The man nodded, in a way that suggested he wasn’t even listening to him. “The Stanhopes were reported missing ten years ago, by Laurel Stanhope’s mother. She hadn’t heard from her daughter for a while, and the trailer the family lived in had been moved. But the Stanhopes had affiliated themselves with an odd religious sect, and it was assumed they were following their leader. There wasn’t a lot of follow up.”
“Religious sect? Like what, that Bhagwan guy?”
“No, some kind of fundamentalist Christian sect. It was assumed they were heading to Utah; their leader had a huge compound down there. Contact with outsiders was forbidden.” Murphy finally met his eyes, and his look was steady and strangely emotionless. “It’s assumed they’re still down there. The cult is some kind of “the Armageddon is coming” group, they won’t talk with anyone with government connections. But you’re telling us they’re all dead.”
“Not all of them. Louis is still out there.” And according to Laurel, coming back. For him? Was he the one? Why? Why would he be coming for him?
“Uh huh. Tell me, Mr. Ashmore, where were you living ten years ago?”
That made him laugh humorlessly, shaking his head. “I was still in junior high school in Bridgeport, Washington. I don’t think I’d even discovered jacking off as a hobby yet. You wanna pin the brutal murder of an entire family on me?”
“We only have your word right now that anyone was murdered. For all we know, the Holloway home was built on an old, illegal graveyard.”
There was a brief rap on the door, and then a female cop came in, a hard faced brunette who could have doubled as an overly stern librarian, and put a small portable tape recorder on the table. “The camera just isn’t working, so -”
The recorder shut itself off with an audible click, and both the cops looked down at it curiously. The female cop tried to start it again, but it immediately shut itself off once more, with a strange noise that suggested the tape was eating itself.
“What did I tell you about me and electronic devices?”
“Would you stop with the bullshit?” Murphy snapped, slapping his palm on the table. “You’re not a psychic; you don’t talk to dead people. You’re either a con artist, a material witness, or a killer, and I want to know which one, now.”
That was it. Gryphon was so tired he didn’t realize the furious Ruby was making her move until it was too late. She took him completely by surprise. One second he was there, in control, and then suddenly he was shoved into the back of his own mind, his weariness losing out to her rage, her will overpowering his. Ruby, no! he shouted, but she wasn’t listening to him.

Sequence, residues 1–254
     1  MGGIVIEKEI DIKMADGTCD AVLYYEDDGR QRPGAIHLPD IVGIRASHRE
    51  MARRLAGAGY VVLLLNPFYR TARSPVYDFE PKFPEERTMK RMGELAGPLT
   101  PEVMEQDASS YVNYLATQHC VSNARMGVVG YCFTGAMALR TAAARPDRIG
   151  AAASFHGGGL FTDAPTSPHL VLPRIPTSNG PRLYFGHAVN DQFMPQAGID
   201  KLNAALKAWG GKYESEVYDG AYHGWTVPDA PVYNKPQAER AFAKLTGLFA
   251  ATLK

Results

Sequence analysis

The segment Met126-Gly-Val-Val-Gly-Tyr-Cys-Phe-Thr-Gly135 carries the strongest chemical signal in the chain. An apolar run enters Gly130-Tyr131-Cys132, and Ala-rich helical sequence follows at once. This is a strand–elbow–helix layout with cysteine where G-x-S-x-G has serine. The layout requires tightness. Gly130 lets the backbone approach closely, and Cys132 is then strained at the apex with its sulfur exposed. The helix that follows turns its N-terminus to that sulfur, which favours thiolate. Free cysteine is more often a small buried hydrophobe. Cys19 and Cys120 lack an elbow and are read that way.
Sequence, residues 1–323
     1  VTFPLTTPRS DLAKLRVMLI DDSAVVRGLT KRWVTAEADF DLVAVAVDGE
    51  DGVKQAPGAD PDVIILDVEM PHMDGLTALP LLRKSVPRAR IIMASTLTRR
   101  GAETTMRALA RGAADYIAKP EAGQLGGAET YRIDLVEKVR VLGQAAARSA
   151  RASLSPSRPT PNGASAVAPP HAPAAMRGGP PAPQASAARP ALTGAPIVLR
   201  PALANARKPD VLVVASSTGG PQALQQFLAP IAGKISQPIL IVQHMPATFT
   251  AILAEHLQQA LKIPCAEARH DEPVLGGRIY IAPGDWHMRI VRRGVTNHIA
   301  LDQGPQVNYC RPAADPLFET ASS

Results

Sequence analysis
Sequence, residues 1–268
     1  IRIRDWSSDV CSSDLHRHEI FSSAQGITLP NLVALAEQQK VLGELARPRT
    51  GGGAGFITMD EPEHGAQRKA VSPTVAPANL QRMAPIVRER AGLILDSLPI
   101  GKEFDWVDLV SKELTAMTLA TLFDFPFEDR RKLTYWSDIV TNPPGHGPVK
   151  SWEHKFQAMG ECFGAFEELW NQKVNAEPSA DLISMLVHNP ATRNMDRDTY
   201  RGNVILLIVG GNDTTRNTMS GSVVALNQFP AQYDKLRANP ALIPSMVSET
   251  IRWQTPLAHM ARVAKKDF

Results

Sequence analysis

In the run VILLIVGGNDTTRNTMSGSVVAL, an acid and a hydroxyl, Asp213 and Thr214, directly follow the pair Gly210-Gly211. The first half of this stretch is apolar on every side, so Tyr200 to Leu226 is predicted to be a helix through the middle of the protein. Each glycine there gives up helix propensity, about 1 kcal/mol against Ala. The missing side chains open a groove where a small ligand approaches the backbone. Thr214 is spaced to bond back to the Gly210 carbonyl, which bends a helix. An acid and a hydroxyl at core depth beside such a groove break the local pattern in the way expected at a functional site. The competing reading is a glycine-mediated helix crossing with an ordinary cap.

“You cut the bullshit,” she growled at Murphy, standing up. There was a noise like ice cracking, and the mirror was showing a thousand spider web fractures, some still growing out from the center as he watched. “He’s told you the truth; it’s your fucking fault if it’s not what you want to hear.” One of the florescent tubes blew out, but didn’t explode … or at least not yet.
Both of the cops were looking at him – her – with wide eyed surprised, and he didn’t know if it was due to the fact that his eyes had changed, or his voice, or both. “Please sit down, Mr. Ashmore,” Murphy said, sticking to the script.
The female cop took a step back, and put a hand on her taser. “Think that’ll do you any good, bitch?” A huge spark jumped from the quiescent taser, making the cop jump, and the taser clattered to the floor as the lens of the burned out camera blew out in a tiny cloud of glass dust. “You can’t fight us with electricity, or haven’t you idiots figured it out yet?”
Murphy remained seated, but his left hand had disappeared from the table top. If he was going for a weapon, he was dead, so Gryphon sincerely hoped he wasn’t reaching for it. “Who are you?”
Ruby, stand down, Gryphon demanded, aware that it would do no good at all.
“I’m Ruby fucking Cavanaugh, pig. I was victim number four of the Mainline Killer in Detroit – you know, serial killer Jerry Wayne Dougherty? He killed a whole bunch of whores before anyone bothered to notice him, ‘cause we’re just disposable meat to all of you, ain’t we?”
Not this rant again, Hugh groaned.
“This kid is playin’ by your rules, and I have no fuckin’ idea why, but I ain’t gonna stand by and watch you try and railroad him ‘cause you fat asses didn’t bother to follow up on a case. So some white trash woman and her dumb ass kids got offed by her fruit loop husband – so fucking what, right? Happens every day. You solve the fucking case, or we’ll do it, but don’t think we’re gonna take your shit.”
“We? Who’s we?”
Ruby glared at Murphy, and the camera fell off the tripod, exploding into a dozen different fragments on the floor. The female cop was looking between it, him, and the now severely cracked mirror, waiting for a sign.
“The dead, fuckhole. Whether you believe it or not, we’re here, and we’re not gonna let you hurt this kid.” The door slammed open by itself, and the mirror finally shattered, cascading into hundreds of diamond slivers on the already detritus strewn floor. “So, does he walk, or do we walk right over you?”